These birds are built for ass-kickery. They have a body design that’s conducive for long-distance travel, mixing flapping and gliding to travel long distances using little energy. And their yearly migration is a long one, beginning in the mountains of Western Europe across the Mediterranean and Sahara to their wintering sites in the African interior and back, a journey spanning some 2500 miles round-trip.

Migration routes and non-breeding range of three Alpine swifts breeding in Switzerland.

Migratory behavior of the three birds assessed in the study published by Leichti et al. Each bird is a different color, and the arrows represent periods of non-stop flight (Figure 1 in Leichti et al 2013, link below).

There have been rumors for decades that some swifts never land for any reason, which honestly sounds ridiculous and stupid. So, to resolve the stupidity, a group of Swiss researchers placed sensors on six Alpine swifts, seeking outline their migration from the Swiss Alps to western Africa for the winter. What they found, described in a paper published in the October 2013 issue of the journal Nature Communcations, ended up being so mind-blowingly balls out that I myself can hardly believe they didn’t just make it the f**k up.

The transmitters they used collected only two parameters: light level to extrapolate position, and acceleration to determine other metrics like pitch (a measure of body position, indicating whether the animal was in flight and where it was traveling), flapping rate, metabolic activity, and a few others. They were also able to tell when and where birds were breeding, wintering, or migrating based on how the birds behaved and where they were located.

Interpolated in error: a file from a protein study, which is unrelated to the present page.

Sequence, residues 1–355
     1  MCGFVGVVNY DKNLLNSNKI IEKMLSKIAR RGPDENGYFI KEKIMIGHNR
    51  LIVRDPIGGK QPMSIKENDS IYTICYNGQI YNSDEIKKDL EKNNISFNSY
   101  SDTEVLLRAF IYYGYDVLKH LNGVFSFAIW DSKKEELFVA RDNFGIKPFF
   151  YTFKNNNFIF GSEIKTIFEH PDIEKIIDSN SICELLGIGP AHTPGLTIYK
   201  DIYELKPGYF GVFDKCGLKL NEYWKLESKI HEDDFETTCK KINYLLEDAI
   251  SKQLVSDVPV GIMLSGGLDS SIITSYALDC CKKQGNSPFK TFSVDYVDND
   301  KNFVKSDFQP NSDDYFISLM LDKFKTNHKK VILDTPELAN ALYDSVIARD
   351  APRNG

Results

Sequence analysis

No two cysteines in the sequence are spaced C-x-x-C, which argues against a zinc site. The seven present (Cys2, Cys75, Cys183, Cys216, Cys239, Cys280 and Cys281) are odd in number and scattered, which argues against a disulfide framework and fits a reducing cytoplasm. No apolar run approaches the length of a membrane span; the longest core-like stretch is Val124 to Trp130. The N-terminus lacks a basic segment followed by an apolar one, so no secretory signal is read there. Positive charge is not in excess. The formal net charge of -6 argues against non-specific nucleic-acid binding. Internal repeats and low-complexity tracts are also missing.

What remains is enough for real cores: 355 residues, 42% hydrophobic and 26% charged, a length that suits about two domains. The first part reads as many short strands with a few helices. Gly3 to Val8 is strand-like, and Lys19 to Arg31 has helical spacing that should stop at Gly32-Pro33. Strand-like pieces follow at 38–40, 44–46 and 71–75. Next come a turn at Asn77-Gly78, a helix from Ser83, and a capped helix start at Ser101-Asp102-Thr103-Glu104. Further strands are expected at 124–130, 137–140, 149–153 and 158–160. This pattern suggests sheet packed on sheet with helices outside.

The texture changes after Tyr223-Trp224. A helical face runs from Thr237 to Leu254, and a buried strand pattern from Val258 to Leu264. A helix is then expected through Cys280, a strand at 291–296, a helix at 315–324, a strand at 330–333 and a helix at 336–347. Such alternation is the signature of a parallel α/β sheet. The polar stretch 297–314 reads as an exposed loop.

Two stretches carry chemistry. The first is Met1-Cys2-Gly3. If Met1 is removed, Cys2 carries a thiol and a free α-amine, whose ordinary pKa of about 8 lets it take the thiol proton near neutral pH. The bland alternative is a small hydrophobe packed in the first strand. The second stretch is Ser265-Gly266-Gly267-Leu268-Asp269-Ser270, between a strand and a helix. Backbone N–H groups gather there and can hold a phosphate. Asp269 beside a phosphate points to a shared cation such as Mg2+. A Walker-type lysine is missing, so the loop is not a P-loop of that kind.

This is the tiny transmitter used by the authors to collect data over an entire year. Science! Source: https://www.sciencenews.org/sites/default/files/images/js_tiny-data-logger_free.jpg

Based on the distinct difference in activity between roosting and migrating metabolic activity and pitch, the researchers observed that the three birds they recaptured in Switzerland the following year had been on the wing for at least 200 days. Every bit of food they ate over the trip was snagged in the air during migration. And sleep? Well, the authors aren’t really sure whether swifts feel the harmful effects of sleep deprivation:

“In Alpine swifts there seems to be no necessity for physical inactivity to maintain any of the relevant physiological processes. However, our data indicate that there are distinct periods of increased and decreased activity, which could go along with some kind of sleep in flight.”

Such periods of decreased activity suggest swifts spend several nighttime hours gliding to conserve energy or perform other physiological functions. The researchers’ data backs this up too; swifts were most active and had highest flapping rates near sunrise and sunset, probably because they need to ascent to great heights to avoid gliding into the ground overnight, and probably had to work to recover this altitude at sunrise. How do they control their flight if they’re asleep? Nobody really knows, but they may only sleep one brain hemisphere at a time.

So, despite hours of grueling physical activity, swifts seem to recover without having to land on the ground or water. They travel huge distances over impossibly barren terrain, hauling ass with more long-term gusto than any land creature ever documented. They’re masters of endurance and champions of travel with a purpose.  Also, never challenge one to a “lets’s see who can fly the longest” contest. Literally every other organism on the planet will lose.

Want to suggest a topic? Write it  in the comments below!

Further reading:
https://www.sciencenews.org/article/alpine-swifts-fly-nonstop-more-six-months

http://www.livescience.com/40268-alpine-swifts-fly-nonstop.html